Last week I was invited by NPR (national) to participate in an on-air discussion of whether Muslims and Christians worship the same God. First, they said, I needed to have a pre-interview.
An assistant editor in Washington gave me the pre-interview last Friday. She said the discussion was prompted by the Wheaton College controversy, but would focus on theology not campus politics.
We had what I thought was a good pre-interview. I told the woman, who said she was Jewish, that the question was simple but demands a complex answer because God and religions are complex. I explained, as I have done in these blogposts, that one must say Yes and No to this question.
Yes, all worship the same God ontologically if they want to address “the only God there is.” But No because they have very different views of that one God. In particular, Christians and Muslims differ on God’s oneness, power, nature, love, and identity with Jesus.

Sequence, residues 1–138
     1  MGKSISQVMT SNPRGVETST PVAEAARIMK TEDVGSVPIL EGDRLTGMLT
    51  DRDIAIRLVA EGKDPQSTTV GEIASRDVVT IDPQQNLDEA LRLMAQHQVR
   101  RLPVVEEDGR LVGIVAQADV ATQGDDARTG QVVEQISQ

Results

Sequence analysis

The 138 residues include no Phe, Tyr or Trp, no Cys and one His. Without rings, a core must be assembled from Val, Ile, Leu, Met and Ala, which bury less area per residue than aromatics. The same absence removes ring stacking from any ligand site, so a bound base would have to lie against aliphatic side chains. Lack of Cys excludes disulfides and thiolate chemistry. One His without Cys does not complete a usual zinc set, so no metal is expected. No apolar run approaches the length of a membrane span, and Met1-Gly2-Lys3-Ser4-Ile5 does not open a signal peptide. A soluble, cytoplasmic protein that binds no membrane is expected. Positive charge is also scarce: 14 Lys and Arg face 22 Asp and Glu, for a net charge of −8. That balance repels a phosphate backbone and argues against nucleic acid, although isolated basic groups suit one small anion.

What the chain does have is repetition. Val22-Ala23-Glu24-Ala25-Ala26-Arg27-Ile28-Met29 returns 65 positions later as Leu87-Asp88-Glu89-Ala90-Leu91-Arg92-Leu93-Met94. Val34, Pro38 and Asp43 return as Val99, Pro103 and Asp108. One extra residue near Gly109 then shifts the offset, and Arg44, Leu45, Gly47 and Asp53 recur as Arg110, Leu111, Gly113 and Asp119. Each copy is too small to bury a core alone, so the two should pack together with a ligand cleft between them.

When I told her that Jews and Christians have far more theological unity than Muslims and Christians, she seemed intrigued. We talked about that for a while.
Then she told me we would have the on-air discussion today (Wednesday). I thought things had gone swimmingly.Until I got an email two days ago from her boss, the producer, who said I was not “neutral” enough. They would proceed without me. I asked her what she meant by “neutral” but got no response.
Isn’t that odd? NPR thinks it is neutral in the ways it treats religion and politics. Most conservatives who listen to NPR would say NPR is anything but neutral. Some joke that their features show ought to be called “All Things Distorted.”
If postmodernity has shown anything, it is that no one is neutral on ultimate things like religion. That doesn’t mean we are free to distort and spin because we know we cannot be neutral. We should strive for objectivity while humbly admitting we all have our own perspectives. John Stackhouse is excellent on this in his book Humble Apologetics.
But the greatest threat to objectivity is the self-delusion that we are neutral on ultimate things. It is an impossibility. And silly when a show treating religion claims this. Far better, and far more interesting, if it would interview people who have strong–but diverse–points of view.
Perhaps you will hear this NPR discussion. Let me know how neutral it sounds to you.